English for Everyone

<b>English for Everyone</b>
Stephen Lau's website to help you get the wisdom to live as if everything is a miracle.

Saturday, December 3, 2022

Singular Or Plural?

Singular or Plural

The following sentences are correct, and they illustrate the uses of singular or plural verbs in some common expressions:

e.g. Fifty dollars is a lot of money to me (amount).

e.g. Two weeks of vacation is not enough (time).

e.g. One of the tables was badly damaged in the storm.

e.g. All coming and going after midnight is not allowed (a single idea).

e.g. A number of books were checked out (many).

e.g. The number of students present was great (the figure).

e.g. The greater part of the land was cultivated.

e.g. The greater part of the oranges were bad.

e.g. More than one student was involved.

e.g. Screaming and shouting was heard even inside the house. (a single idea)

Majority is often confusing: it efers to number, not to the amount or quantity.

e.g. The majority of the people were women. (correct)

e.g. The majority of the eggs were bad. (correct)

e.g. The majority of the butter was bad. (incorrect)

e.g. Most of the butter was bad. (correct)

Compare the following:

e.g. The majority of children like sweets. (some do not like)

e.g. Most children like sweets. (children in general like sweets)

Stephen Lau
Copyright© by Stephen Lau

Friday, December 2, 2022

Correct Use of Prepositions


ACE

Ace in(to): to be luck to be admitted into (slang).

e.g. My son aced into Harvard University.

Ace out of: to be lucky to accomplish something.

e.g. I aced out of my chemistry exam.

TURN

Turn against: attack, defy.

e.g. He turned against those who did not support him.
e.g. Many people have turned against the sanctions of the government.

Turn around / turn about: reverse the situation.

e.g The company is losing money, but it hopes to turn around soon.
e.g. Do you think the new manager can turn it about?

Turn aside: avoid or evade.

e.g. The presidential candidate turned aside  the reporters' question.

Turn back: reverse the journey.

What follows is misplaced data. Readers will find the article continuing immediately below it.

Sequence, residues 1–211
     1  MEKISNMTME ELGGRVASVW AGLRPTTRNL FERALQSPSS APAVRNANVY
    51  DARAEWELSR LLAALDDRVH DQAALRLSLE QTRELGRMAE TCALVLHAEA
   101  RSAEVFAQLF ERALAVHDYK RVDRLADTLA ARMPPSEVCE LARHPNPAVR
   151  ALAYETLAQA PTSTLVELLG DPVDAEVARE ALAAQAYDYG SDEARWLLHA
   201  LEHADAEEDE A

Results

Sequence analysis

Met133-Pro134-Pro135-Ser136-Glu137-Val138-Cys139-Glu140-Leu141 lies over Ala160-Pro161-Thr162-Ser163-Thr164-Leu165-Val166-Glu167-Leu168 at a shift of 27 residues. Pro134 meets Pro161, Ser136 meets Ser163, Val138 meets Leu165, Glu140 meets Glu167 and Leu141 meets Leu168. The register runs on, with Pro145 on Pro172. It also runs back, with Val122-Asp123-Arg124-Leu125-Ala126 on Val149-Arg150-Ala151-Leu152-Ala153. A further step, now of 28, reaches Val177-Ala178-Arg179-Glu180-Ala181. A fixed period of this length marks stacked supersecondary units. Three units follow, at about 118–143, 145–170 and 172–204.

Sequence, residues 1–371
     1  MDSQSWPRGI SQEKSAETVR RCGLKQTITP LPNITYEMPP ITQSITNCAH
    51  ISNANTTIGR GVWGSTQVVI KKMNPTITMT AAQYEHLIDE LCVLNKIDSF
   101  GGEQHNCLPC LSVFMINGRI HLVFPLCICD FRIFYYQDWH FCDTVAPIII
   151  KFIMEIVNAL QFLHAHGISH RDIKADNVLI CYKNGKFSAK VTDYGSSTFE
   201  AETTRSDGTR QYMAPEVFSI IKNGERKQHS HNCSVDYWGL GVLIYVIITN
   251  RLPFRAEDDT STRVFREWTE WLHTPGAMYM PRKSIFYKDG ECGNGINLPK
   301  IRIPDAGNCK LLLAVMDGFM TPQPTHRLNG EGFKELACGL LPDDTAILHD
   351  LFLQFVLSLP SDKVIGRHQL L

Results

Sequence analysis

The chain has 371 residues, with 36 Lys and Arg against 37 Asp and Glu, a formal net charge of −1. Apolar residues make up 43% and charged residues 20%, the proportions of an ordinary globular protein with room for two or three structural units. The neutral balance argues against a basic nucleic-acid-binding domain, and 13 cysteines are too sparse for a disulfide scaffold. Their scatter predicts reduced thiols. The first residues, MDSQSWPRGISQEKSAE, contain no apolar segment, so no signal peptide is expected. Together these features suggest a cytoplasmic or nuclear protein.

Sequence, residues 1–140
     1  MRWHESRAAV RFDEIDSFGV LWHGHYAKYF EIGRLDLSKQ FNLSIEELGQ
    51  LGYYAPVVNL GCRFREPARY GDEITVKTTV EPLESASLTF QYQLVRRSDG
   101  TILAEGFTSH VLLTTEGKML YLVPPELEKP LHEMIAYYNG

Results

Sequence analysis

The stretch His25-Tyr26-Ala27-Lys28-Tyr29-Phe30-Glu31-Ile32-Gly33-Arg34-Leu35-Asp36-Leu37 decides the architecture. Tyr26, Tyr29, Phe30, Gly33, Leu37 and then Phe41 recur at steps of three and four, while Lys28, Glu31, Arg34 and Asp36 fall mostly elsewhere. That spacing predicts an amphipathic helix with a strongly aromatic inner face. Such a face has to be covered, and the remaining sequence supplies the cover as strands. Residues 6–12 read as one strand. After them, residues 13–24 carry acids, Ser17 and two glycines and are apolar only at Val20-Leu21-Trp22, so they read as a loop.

e.g. I don't think there is anything ahead; let's turn back.

Turn down: reject.

e.g. We had no choice but to turn down the offer.

Turn in: go to bed; submit.

e.g. It is very late; let's turn in.
e.g. Have you turned in your homework?

Turn into: become something or someone different.

e.g. Bitterness has turned him into an unforgiving person.

Turn up: appear.

e.g. Due to the weather, not many people turned up at the meeting.

APPEAL

Appeal against: ask a court to cancel something.

e.g. The lawyer appealed against the court’s decision.

Appeal for: demand as a right.

e.g. I think we should appeal for justice.

e.g. They are appealing for our help.

Appeal to: attract or please someone.

e.g. The proposal appealed to many of us.

e.g. Her personality appeals to everybody around her.

e.g. Does this food appeal to your taste?


Stephen Lau     
Copyright© by Stephen Lau


Wednesday, November 30, 2022

Confusing Words

Accountable to / Accountable for
Accountable to someone; accountable for something
 (meaning "responsible for").

e.g. The CEO is accountable to the Board; he has to be accountable for all his business decisions.

Hail / Hale
Hail means to greet or salute.

e.g. "Hail Mary, full of grace, the Lord is with thee."

Hale means healthy and strong.

e.g. A man is hale when his complexion is rosy

Noteworthy / Noticeable
Noteworthy means deserving attention; noticeable means easily seen.

e.g. The candidate's accomplishments are noteworthy.
e.g. The flaws in the Governor's character are easily noticeable to the public.

Providing that / Provided that
Providing that is incorrect.

e.g. You can go out to play provided (that) you have finished your homework. (meaning: on condition that)
e.g. You can keep the book for another week providing that no one has reserved it (incorrect: provided that should be used instead)
e.g. The millionaire has helped the poor, providing many of them with food and shelter. (correct; meaning: giving or offering)

Indoor Indoors
Indoor is an adjective; indoors is an adverb.

e.g. Bowling is an indoor game.
e.g. It's going to rain; let's go indoors.

Welcome / Welcomed
Welcome is an adjective or a verb; welcomed is a participle.

e.g. You are most welcome.
e.g. This is a welcome party for all newcomers.
e.g. I like to welcome all of you.
e.g. The guests were welcomed by all of us in front of the house.

Stephen Lau
Copyright© by Stephen Lau

Learn Some American Idioms


Pour money down the drain: waste money

e.g. It’s better to declare bankruptcy, rather than pouring money down the drain; nothing can revive the business.

Trump up: make up something untrue

e.g. The witness trumped up an excuse why he lied previously.

After all: in spite of everything